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36 Crazyfists Look to Claim Their Rightful Place in the Alaskan Holy Trinity Between Jewel and Bristol Palin on Time & Trauma

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Going to college meant the end of my “JOCKS BAD!” outlook on life. With a clean social slate, I wound up OK with expanding my friendly horizons to include people who weren’t dolled-up mall goths or constantly quoting Bill Hicks. These normals barely liked the same music or movies I did and some even grew up to be Republican (!!!). I met average dudes and ladies with whom I would have had no rapport in high school that I grew to like more than some of the scowling punks or metalheads who were around. But we clicked in ways that didn’t apply to the standards to which I held people in the past. They were plain, sometimes boring, but had something great about them despite that.

36 Crazyfists are the musical equivalent of the paragraph above. Everything shitty about radio rock and metal after 1998 is employed by 36CF. All the hallmarks of Affliction shirt rock are there: the yarbled vocals, mid-paced consistency, the overproduction. But so help me fucking Christ, I can’t not be charmed by Time and Trauma. It hearkens back to when bands who actively liked Alice in Chains lifted from Alice in Chains and made music that maintained some of the charm of Alice in Chains. Or the mid-‘00s when it almost seemed like the public at large might embrace screaming through Killswitch Engage or Shadows Fall. 36 Crazyfists are definitely in the B-squad of either era, but B squad is a whole lot better than F-Minus-squad.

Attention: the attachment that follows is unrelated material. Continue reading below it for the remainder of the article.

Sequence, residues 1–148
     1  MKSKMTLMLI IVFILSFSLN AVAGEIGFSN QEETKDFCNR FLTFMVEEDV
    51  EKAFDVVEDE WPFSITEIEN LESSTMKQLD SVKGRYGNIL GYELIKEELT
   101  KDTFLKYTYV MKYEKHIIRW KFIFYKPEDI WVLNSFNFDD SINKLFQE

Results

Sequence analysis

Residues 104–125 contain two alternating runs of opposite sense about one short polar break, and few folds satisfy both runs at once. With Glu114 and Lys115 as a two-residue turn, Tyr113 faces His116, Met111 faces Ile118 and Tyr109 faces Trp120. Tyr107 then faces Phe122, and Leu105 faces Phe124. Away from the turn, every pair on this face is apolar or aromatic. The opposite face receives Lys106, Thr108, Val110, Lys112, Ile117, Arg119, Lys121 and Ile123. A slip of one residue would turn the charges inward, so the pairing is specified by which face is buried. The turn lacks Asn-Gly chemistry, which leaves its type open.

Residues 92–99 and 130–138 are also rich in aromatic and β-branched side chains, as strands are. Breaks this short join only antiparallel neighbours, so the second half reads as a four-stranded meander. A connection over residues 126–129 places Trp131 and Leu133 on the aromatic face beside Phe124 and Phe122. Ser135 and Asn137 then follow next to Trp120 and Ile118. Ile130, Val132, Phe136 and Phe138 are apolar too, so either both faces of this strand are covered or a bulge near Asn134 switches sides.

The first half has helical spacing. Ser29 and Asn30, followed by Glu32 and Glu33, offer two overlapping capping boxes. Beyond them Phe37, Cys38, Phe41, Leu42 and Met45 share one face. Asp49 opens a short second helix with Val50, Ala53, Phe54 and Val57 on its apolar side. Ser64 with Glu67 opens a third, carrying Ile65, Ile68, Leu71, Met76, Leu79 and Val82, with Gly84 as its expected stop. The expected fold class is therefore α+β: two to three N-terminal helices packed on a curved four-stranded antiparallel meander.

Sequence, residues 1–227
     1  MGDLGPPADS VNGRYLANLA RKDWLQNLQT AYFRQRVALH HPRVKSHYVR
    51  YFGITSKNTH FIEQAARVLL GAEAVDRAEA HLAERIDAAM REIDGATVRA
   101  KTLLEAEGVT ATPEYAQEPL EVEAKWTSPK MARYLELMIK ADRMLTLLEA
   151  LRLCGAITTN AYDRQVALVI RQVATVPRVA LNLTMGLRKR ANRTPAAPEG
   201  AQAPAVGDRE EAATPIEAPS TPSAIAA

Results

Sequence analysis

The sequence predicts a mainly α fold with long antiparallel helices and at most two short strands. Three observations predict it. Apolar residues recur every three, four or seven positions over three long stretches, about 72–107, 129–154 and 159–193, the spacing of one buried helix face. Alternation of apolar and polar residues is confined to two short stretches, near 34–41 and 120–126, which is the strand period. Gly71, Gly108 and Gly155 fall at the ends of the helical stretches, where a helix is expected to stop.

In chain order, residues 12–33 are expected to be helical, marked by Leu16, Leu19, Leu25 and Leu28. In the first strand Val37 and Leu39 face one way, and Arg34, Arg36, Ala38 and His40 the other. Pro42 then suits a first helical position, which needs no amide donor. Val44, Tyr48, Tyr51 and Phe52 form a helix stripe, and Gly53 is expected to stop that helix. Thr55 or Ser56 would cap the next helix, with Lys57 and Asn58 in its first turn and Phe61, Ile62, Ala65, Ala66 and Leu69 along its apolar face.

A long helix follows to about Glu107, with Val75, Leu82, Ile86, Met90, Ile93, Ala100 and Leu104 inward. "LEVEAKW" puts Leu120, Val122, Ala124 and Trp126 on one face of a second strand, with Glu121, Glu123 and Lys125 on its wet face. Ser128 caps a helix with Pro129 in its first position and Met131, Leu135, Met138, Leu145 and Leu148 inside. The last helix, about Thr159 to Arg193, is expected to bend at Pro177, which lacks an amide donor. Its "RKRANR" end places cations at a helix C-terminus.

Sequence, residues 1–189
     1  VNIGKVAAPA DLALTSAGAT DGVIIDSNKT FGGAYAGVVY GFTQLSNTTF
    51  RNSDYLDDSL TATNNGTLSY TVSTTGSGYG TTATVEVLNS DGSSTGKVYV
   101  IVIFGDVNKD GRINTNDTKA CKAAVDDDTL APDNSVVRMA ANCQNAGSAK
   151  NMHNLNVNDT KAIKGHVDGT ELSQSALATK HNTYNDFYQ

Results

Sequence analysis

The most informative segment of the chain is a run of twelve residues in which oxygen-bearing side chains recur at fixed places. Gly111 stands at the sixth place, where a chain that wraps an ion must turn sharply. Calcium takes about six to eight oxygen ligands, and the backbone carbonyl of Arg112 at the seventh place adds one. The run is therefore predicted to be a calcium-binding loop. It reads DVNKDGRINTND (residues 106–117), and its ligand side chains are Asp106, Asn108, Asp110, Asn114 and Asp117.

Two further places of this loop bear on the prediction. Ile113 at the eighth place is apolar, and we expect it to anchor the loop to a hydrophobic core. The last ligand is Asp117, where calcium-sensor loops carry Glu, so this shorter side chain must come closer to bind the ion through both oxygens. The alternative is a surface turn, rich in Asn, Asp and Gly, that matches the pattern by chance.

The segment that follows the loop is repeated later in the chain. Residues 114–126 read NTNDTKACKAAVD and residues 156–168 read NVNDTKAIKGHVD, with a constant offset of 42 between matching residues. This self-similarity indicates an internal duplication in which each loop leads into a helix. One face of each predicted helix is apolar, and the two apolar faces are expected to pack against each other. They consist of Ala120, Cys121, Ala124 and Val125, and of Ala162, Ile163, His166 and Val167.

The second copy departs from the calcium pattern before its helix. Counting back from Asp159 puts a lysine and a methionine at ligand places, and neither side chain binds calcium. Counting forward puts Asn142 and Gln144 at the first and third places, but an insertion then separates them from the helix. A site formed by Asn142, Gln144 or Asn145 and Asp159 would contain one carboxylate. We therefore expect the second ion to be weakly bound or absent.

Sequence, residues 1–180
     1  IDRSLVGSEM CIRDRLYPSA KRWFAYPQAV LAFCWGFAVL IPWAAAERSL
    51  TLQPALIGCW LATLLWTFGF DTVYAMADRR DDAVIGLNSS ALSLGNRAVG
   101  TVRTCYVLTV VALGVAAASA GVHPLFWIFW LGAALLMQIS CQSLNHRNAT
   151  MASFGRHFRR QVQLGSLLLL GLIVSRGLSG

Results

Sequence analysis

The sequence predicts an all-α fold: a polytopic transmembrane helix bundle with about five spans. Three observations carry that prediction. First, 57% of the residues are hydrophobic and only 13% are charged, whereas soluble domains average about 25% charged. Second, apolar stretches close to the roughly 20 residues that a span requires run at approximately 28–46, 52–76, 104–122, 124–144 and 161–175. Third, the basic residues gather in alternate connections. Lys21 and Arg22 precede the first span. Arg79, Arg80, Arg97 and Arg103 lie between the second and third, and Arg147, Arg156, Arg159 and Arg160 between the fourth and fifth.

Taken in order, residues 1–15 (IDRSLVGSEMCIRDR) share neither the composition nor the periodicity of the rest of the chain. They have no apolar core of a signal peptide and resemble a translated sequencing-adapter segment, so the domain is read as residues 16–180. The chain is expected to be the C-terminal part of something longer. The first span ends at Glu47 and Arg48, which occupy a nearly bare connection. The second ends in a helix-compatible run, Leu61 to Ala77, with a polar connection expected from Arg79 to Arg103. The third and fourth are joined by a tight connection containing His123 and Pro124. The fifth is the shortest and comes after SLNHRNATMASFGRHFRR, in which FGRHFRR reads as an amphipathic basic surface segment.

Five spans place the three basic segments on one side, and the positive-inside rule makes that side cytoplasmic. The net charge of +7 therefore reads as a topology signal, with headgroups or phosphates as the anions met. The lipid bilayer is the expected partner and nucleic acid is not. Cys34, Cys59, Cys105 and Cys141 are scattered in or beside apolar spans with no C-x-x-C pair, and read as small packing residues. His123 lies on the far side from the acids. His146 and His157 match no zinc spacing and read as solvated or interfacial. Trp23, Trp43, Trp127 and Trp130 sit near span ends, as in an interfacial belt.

Yes, that’s not much of a hurdle to clear, but 36CF do a little more than clear a hurdle on Time & Trauma. In its best moments, it’s refreshingly catchy and/or heavy. They don’t owe a lot to Swedish death metal like Killswitch nor do they lift from the esoteric influences Deftones tend to plumb. Time & Trauma is pretty straightforward but not formulaic and rote. And 36CF pretty great at it: the chorus of “Silencer” is insidiously catchy, the big dumb riff that opens “Sorrow Signs” is practically DARING YOU to resist it. They actually give off the vibe that they’re attempting something authentic. And while it’s not going to change the way anyone looks at anything, it’s also never cringeworthy or offensive. Again, not a considerable hurdle, but I can’t recall the last time I heard this kind of band give me the impression that the guys behind it give a shit about what they’re playing.

It’s not perfect, of course (which is probably why I’ve been quantifying everything). Vocalist Brock Lindow can’t quite seem to shake his GlassJaw influences, and while Time & Trauma manages to sidestep 21st century mainstream rock’s most depressing tropes, it’s also pretty forgettable in spots. But what 36 Crazyfists do best—write perfectly acceptable radio rock then occasionally drop a heavy-as-fuck riff in there like no one would notice—doesn’t get old. Judging by the music I’ve been listening to since the Star Wars prequels wrapped up, you’d think I’d cast 36 Crazyfists in to the Fuck This bin where Three Days Grace and Hellyeah lie. But it wouldn’t be fair to write off a band like 36 Crazyfists due to my own snobby biases or fatigue with the bro-ification of rock & roll. Time & Trauma isn’t good for what it is; it’s good. It might lack a gritty Albini engineering job or long passages of drone-doom, but I still can’t keep myself from nodding my head in approval.

36 Crazyfists’ Time and Trauma is out now on Spinefarm. You can  stream the track “Also Am I” here and purchase the album here.

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